Health & Nutrition
Seafood = fish, shellfish and crustaceans
To help reduce the risk of many diseases, Canada’s Food Guide advises us to eat at least two 150 gram servings of fish each week. Many varieties have small amounts of cholesterol and saturated fat compared to other animal protein sources, while most are rich with omega-3 fatty acids. Eating fish as part of a regular diet is a smart and healthy choice.
The nutrients found in seafood play a well-established role in normal growth and development, energy metabolism, building and repairing body tissues, formation and maintenance of bones and teeth, formation of red blood cells, and building antibodies.
Government studies prove that eating seafood can help reduce the risk of heart disease. Why? Seafood is high in protein, vitamins and minerals, and most types are low in saturated fat. Fish is the most significant source of naturally occurring vitamin D in the Canadian diet. Seafood also adds B-vitamins and mineral nutrients to the diet such as selenium, iron, zinc, magnesium, copper and potassium.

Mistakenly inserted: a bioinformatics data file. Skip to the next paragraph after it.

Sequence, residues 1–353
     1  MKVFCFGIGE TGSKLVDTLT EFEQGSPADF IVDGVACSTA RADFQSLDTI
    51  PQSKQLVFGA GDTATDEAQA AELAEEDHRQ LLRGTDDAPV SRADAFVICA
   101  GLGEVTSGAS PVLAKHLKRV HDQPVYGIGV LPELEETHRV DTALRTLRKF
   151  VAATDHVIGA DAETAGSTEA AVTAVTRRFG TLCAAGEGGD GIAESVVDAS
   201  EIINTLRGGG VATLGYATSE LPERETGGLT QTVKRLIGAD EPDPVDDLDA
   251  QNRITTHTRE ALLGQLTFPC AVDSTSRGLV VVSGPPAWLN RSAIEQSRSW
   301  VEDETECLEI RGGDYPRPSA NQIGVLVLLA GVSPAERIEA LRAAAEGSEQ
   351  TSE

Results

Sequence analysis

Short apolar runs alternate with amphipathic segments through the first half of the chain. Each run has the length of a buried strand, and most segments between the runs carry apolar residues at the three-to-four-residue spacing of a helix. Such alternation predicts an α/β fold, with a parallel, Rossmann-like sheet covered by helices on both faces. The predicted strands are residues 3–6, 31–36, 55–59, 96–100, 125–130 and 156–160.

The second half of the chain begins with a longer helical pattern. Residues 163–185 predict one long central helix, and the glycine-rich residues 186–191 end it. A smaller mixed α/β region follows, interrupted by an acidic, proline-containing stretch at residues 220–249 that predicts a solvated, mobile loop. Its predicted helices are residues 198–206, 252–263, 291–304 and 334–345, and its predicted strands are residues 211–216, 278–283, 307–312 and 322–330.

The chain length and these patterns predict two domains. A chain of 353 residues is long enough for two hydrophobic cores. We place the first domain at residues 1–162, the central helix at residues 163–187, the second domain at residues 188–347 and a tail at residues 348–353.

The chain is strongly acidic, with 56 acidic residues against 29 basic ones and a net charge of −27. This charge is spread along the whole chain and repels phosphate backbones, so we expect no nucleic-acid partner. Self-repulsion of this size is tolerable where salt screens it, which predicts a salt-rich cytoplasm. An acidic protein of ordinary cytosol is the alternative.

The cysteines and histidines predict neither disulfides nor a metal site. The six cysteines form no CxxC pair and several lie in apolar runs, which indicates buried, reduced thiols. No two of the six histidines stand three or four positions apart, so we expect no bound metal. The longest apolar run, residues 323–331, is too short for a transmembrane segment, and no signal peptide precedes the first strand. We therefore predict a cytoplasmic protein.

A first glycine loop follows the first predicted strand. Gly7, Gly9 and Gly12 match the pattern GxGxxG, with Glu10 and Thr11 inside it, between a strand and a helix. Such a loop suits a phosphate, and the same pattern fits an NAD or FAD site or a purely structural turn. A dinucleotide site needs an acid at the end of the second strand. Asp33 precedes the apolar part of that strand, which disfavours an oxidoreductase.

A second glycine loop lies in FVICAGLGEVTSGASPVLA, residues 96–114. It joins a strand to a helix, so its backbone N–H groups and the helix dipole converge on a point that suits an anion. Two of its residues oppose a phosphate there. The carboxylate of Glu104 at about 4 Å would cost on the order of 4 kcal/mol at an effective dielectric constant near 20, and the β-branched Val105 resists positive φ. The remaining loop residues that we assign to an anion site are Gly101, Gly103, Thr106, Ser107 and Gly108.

According to Agriculture and Agri-Food Canada, there is evidence for associations between increased seafood consumption and a decreased risk of cardiovascular deaths and cardiovascular events in the general population.
Further, evidence gathered in their studies suggests that eating seafood supports heart health in adults and normal
growth and development in infants and young children.
For more information, click here to view an Agriculture and Agri-Food Canada chart which specifically outlines
the nutritional value of selected types of seafood.